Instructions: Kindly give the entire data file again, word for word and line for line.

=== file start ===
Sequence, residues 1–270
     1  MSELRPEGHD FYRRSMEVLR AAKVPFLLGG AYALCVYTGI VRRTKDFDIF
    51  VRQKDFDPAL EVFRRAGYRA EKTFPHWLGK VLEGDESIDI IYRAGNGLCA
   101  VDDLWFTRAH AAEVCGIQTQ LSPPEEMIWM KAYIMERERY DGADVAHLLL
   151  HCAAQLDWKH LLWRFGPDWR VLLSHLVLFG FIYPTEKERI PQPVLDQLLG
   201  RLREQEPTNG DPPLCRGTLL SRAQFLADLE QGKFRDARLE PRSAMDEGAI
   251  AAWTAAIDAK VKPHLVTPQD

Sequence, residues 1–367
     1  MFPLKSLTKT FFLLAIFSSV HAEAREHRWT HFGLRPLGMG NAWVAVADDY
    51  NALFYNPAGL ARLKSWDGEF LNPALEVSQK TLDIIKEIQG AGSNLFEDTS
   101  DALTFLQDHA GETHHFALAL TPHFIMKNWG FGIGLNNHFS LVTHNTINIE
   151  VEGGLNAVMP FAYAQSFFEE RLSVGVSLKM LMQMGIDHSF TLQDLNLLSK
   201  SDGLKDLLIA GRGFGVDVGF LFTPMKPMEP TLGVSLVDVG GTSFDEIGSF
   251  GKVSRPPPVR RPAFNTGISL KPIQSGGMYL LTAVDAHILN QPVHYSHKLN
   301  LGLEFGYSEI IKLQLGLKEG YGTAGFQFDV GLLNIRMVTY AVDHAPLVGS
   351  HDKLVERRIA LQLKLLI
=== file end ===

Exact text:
Sequence, residues 1–270
     1  MSELRPEGHD FYRRSMEVLR AAKVPFLLGG AYALCVYTGI VRRTKDFDIF
    51  VRQKDFDPAL EVFRRAGYRA EKTFPHWLGK VLEGDESIDI IYRAGNGLCA
   101  VDDLWFTRAH AAEVCGIQTQ LSPPEEMIWM KAYIMERERY DGADVAHLLL
   151  HCAAQLDWKH LLWRFGPDWR VLLSHLVLFG FIYPTEKERI PQPVLDQLLG
   201  RLREQEPTNG DPPLCRGTLL SRAQFLADLE QGKFRDARLE PRSAMDEGAI
   251  AAWTAAIDAK VKPHLVTPQD

Sequence, residues 1–367
     1  MFPLKSLTKT FFLLAIFSSV HAEAREHRWT HFGLRPLGMG NAWVAVADDY
    51  NALFYNPAGL ARLKSWDGEF LNPALEVSQK TLDIIKEIQG AGSNLFEDTS
   101  DALTFLQDHA GETHHFALAL TPHFIMKNWG FGIGLNNHFS LVTHNTINIE
   151  VEGGLNAVMP FAYAQSFFEE RLSVGVSLKM LMQMGIDHSF TLQDLNLLSK
   201  SDGLKDLLIA GRGFGVDVGF LFTPMKPMEP TLGVSLVDVG GTSFDEIGSF
   251  GKVSRPPPVR RPAFNTGISL KPIQSGGMYL LTAVDAHILN QPVHYSHKLN
   301  LGLEFGYSEI IKLQLGLKEG YGTAGFQFDV GLLNIRMVTY AVDHAPLVGS
   351  HDKLVERRIA LQLKLLI